Functional Equations and Their Applications
Org: Janos Aczel and CheTat Ng (Waterloo) [PDF]
 JOHN BAKER, University of Waterloo, 200 University Avenue W., Waterloo,
Ontario N2L 3G1
The Stability of a General Functional Equation
[PDF] 
Suppose that V is a vector space over Q,
R or C, the scalars a_{0},b_{0},...,a_{m},b_{m} are such that a_{j}b_{k}  a_{k}b_{j} ¹ 0 whenever 0 £ j < k £ m, B is a Banach space,
f_{k} : V ® B for 0 £ k £ m,
d ³ 0 and
 
m å
k=0

f_{k}(a_{k} x+b_{k} y)  £ d for all x,y Î V. 

Then, for each k = 0,1,...,m there exists c_{k} Î B and
a "generalized" polynomial function p_{k} : V® B of "degree" at most m1, such that
f_{k}(x)c_{k}p_{k}(x) £ 2^{m+1} d for all x Î V 

and

m å
k=0

p_{k} (a_{k} x+b_{k} y) = 0 for all x,y Î V. 

Moreover, if V = R^{n}, B = R or
C and, for some j, f_{j} is bounded on a set of positive
Lebesgue measure, then every p_{k} is a genuine polynomial function.
 WALTER BENZ, University of Hamburg, Department of Mathematics,
Bundesstrasse 55, D20146 Hamburg, Germany
Hyperbolic geometry via functional equations
[PDF] 
Let X be a real inner product space of (finite or infinite)
dimension at least 2. With implicit notions
(i) of translations t (of X along a fixed axis), and
(ii) of distances d satisfying essentially the functional
equations of translation, invariance and additivity,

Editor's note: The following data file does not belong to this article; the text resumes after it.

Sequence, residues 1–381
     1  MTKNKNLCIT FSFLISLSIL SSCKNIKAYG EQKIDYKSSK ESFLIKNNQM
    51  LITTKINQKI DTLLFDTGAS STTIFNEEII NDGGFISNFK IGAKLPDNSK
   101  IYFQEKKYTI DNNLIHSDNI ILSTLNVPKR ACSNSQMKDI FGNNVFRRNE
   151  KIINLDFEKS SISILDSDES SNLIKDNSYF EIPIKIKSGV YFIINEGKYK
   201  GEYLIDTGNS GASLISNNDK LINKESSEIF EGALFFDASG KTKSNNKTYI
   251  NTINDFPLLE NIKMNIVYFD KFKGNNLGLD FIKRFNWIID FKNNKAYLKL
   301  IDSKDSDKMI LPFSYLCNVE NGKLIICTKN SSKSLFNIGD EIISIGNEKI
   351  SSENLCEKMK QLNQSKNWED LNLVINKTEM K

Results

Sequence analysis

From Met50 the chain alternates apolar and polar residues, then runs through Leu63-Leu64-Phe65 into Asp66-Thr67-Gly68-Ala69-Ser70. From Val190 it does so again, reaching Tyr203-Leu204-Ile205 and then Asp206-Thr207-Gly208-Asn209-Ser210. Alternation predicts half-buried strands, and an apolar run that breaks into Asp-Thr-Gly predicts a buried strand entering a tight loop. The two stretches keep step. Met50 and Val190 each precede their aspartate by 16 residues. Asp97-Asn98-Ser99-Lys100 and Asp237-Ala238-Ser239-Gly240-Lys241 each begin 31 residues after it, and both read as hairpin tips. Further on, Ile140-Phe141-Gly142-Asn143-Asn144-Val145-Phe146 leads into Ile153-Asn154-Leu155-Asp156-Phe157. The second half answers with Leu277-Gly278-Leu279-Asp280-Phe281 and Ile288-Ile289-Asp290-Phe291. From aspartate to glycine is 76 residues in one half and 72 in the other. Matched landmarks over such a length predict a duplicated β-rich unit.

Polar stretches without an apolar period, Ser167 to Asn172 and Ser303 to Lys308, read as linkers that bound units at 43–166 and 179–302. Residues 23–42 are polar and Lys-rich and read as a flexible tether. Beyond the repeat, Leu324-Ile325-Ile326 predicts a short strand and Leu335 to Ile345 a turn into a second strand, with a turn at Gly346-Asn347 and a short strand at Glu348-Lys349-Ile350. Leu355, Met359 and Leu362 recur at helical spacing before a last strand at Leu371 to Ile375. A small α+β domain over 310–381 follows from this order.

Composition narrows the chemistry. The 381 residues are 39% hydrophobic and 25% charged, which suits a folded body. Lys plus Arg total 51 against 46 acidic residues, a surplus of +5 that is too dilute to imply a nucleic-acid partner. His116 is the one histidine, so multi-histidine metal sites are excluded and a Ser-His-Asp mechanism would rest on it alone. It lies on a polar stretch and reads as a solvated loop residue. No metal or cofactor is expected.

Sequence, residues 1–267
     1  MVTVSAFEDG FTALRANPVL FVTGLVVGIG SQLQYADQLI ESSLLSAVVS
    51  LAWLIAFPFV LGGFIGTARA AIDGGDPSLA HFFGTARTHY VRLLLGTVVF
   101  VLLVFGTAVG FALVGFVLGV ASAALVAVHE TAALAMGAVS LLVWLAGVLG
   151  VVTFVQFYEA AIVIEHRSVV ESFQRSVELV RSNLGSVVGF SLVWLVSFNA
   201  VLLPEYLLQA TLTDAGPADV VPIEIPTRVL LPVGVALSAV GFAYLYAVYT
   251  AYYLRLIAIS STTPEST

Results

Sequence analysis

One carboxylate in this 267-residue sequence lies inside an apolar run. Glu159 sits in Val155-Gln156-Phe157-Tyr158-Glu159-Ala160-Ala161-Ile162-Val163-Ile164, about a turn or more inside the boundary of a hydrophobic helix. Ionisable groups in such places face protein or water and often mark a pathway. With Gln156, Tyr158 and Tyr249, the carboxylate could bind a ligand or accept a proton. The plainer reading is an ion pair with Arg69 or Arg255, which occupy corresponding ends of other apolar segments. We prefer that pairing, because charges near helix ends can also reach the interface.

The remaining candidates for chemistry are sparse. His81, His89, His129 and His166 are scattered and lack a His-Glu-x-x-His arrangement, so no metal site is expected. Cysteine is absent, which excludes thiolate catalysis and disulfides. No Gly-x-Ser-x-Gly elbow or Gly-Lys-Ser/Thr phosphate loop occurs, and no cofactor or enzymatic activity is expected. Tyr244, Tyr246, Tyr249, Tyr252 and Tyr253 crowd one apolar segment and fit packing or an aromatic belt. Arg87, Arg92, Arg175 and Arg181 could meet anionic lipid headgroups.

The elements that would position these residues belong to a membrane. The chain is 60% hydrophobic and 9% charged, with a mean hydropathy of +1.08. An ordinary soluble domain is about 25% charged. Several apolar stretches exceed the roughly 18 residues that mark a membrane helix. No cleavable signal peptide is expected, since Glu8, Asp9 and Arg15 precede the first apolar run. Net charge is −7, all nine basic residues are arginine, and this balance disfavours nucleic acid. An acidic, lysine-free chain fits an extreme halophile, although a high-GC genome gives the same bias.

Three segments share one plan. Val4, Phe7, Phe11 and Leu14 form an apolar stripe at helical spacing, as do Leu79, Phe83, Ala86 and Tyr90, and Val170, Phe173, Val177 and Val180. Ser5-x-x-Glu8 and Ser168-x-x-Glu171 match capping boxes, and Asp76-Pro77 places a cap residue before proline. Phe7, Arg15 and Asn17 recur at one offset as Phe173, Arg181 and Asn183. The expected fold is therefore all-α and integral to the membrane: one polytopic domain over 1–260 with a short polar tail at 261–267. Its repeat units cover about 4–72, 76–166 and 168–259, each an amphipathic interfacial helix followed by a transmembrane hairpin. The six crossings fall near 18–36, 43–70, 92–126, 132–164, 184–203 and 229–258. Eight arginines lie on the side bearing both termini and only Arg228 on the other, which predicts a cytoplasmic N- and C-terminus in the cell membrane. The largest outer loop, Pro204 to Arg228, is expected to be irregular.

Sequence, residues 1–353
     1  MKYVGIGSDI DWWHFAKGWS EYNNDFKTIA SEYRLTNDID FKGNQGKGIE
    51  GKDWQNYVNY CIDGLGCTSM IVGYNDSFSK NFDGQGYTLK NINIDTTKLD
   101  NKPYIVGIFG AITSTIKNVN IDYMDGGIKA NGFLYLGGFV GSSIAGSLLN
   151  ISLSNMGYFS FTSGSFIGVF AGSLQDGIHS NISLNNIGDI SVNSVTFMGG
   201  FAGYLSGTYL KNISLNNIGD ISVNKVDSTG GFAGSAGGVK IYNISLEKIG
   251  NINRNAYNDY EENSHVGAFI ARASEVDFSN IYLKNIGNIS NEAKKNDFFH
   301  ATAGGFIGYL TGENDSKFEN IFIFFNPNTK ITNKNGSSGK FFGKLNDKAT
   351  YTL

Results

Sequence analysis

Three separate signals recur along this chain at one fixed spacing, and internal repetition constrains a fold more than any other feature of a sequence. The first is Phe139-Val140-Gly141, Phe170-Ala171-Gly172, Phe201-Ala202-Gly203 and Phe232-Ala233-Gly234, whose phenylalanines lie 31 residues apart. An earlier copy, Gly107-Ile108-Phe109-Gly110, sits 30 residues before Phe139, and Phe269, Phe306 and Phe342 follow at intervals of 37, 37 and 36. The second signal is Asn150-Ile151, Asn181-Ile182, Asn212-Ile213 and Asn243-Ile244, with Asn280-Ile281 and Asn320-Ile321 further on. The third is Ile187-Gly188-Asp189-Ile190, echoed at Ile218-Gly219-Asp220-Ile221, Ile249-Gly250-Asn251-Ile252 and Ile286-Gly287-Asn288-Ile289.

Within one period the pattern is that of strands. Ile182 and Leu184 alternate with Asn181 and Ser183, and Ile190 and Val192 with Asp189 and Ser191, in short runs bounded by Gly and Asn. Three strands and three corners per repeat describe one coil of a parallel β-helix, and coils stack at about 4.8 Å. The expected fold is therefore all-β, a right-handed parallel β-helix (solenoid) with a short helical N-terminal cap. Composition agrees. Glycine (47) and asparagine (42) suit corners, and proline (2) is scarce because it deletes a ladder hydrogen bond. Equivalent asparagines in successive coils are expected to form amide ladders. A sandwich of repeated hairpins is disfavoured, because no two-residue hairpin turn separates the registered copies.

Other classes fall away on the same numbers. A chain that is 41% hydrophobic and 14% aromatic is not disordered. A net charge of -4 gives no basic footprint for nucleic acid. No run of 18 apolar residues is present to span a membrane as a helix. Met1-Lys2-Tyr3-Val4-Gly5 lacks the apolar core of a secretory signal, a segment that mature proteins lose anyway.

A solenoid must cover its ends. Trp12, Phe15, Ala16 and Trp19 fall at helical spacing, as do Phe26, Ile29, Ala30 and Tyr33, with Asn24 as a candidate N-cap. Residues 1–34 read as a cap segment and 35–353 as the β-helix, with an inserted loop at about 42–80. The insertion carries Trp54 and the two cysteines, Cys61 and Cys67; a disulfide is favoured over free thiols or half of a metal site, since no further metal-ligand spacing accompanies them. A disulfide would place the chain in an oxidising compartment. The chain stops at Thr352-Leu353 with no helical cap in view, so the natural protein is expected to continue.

exactly two geometries with translations t and distances d are
characterized up to isomorphism, namely euclidean and
BolyaiLobachevski geometry over X of dimension dimX.
The methods of the longer proof depend heavily on the theory of
functional equations, especially on results of J. Aczél and
Z. Daróczy. Our theory in question is part of a book "Geometry of
real inner product spaces", forthcoming.
 TOM DAVISON, Department of Mathematics, McMaster University, Hamilton,
Ontario
D'Alembert's Equation and the Binary Groups
[PDF] 
D'Alembert's equation f(xy) + f(xy^{1}) = 2f(x)f(y) is solved over
all finite groups. We introduce the notion of a basic
D'Alembert function: one for which f(xy) = f(x) for all x implies
that y=1. It is shown that every D'Alembert function factors
through a basic D'Alembert function. Then we show that the only
finite groups that support a basic D'Alembert function are the cyclic
groups (the classical case) and the binary groups:
á2,m,n ñ: = áR,S,T : R^{2} = S^{m} = T^{n} = RST ñ 

in Coxeter's notation. Conversely each of these groups supports a
nonclassical D'Alembert function.
 JEANCLAUDE FALMAGNE, University of California, Irvine
Functional Equations and Invariance in Scientific Laws
[PDF] 
Two fundamental invariance principles are formulated which enable the
derivation of some common physical laws via functional equation
techniques. The first invariance principle, called `meaningfulness',
is germane to the common practice requiring that the form of a
scientific law must not be altered by a change of the units of the
measurement scales. The second principle requires that the output
variable of the law be `orderinvariant' with respect to any
monotonic transformation (of one of the input variables) belonging to
a particular class of such transformations which is characteristic of
the law. These two principles are formulated as axioms of the
scientific theory. Three applications are mentioned, which involve:
the LorentzFitzerald Contraction, Beer's Law, and the Monomial Laws.
The first one is described in some details. If all scientific laws
should arguably be meaningful, not all of them are orderinvariant in